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Int J Tuberc Lung Dis. 2011 Jul;15(7):886-91. doi: 10.5588/ijtld.10.0526. Epub 2011 Apr 7.

Chronic airflow obstruction and respiratory symptoms following tuberculosis: a review of South African studies.

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Centre for Occupational and Environmental Health Research, School of Public Health and Family Medicine, University of Cape Town, Cape Town, South Africa.



There is renewed interest in the chronic respiratory sequelae of pulmonary tuberculosis (PTB), particularly chronic airflow limitation. A number of South African epidemiological studies have been published, which, although not specifically designed to examine this association, provide useful data on the nature of the relationship.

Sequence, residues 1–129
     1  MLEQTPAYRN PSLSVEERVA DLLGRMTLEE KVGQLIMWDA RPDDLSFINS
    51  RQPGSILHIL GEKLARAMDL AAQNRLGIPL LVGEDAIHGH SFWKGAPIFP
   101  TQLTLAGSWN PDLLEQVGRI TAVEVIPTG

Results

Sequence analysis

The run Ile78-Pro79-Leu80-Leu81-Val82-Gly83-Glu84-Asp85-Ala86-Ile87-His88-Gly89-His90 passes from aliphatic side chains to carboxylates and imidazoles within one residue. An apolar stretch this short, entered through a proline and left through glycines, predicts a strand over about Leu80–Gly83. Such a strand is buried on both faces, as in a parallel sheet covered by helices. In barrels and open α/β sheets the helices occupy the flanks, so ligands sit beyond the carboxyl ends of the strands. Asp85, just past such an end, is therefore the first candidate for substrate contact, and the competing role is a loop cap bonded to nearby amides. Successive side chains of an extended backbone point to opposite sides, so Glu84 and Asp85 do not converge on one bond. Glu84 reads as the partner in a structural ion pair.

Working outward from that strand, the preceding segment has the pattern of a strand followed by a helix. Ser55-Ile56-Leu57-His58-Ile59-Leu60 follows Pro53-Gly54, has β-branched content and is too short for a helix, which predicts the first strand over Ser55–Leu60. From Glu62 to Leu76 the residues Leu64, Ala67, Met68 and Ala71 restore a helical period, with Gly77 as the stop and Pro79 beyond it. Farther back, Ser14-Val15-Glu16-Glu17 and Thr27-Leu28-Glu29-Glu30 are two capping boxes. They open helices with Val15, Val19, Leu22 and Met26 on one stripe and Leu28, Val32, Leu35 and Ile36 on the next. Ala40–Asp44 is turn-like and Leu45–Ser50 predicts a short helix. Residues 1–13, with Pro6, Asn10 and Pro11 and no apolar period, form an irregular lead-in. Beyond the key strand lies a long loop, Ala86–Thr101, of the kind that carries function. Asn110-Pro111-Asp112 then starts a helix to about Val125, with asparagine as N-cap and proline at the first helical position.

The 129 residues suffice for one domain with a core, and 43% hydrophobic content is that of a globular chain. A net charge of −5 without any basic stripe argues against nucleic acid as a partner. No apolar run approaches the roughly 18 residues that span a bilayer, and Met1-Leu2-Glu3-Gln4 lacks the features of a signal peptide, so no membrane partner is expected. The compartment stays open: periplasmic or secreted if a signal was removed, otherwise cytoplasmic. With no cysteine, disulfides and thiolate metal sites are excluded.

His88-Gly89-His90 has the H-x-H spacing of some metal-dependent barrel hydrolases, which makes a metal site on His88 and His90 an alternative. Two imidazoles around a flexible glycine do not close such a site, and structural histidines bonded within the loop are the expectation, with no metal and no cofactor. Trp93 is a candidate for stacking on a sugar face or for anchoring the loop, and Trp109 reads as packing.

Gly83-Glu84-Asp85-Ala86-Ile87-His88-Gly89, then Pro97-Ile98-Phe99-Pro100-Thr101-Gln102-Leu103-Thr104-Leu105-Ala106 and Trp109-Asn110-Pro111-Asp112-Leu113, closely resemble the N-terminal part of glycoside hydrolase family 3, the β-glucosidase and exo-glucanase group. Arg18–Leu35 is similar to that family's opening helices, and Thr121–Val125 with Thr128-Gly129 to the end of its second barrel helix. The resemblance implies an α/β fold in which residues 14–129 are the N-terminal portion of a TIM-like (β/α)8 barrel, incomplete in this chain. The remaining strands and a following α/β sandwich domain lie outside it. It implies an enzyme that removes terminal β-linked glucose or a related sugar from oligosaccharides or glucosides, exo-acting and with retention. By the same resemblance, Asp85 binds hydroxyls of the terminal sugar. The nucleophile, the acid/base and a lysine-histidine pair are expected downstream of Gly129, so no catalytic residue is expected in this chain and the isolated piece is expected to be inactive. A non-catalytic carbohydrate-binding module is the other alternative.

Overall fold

To review population-based and occupational studies conducted in South Africa that provide estimates of the association between PTB, chronic symptoms and lung function loss.


Two general population and a number of occupational studies were included. Most were able to control for likely confounders. Chronic chest symptoms and lung function loss were consistently associated with PTB, whether measured by self-report or prospectively in cohort studies. Odds ratios (ORs) were higher for chronic bronchitis (range 1.5-7.2) than for asthma (range 0.7-2.2). For spirometrically defined chronic obstructive pulmonary disease, the OR range was 2.6-8.9, depending on definition. Combined obstructive/restrictive lung function loss was the most common functional outcome, with a net obstructive effect. The association of past TB with non-specific bronchial hyperresponsiveness was equivocal.


These studies add to the evidence of a strong association between PTB, even if treated, and subsequent airflow obstruction as well as restrictive loss. Unanswered questions include extent of recovery over time, effect modification by smoking and other cofactors, and degree of reversibility by treatment.

[Indexed for MEDLINE]

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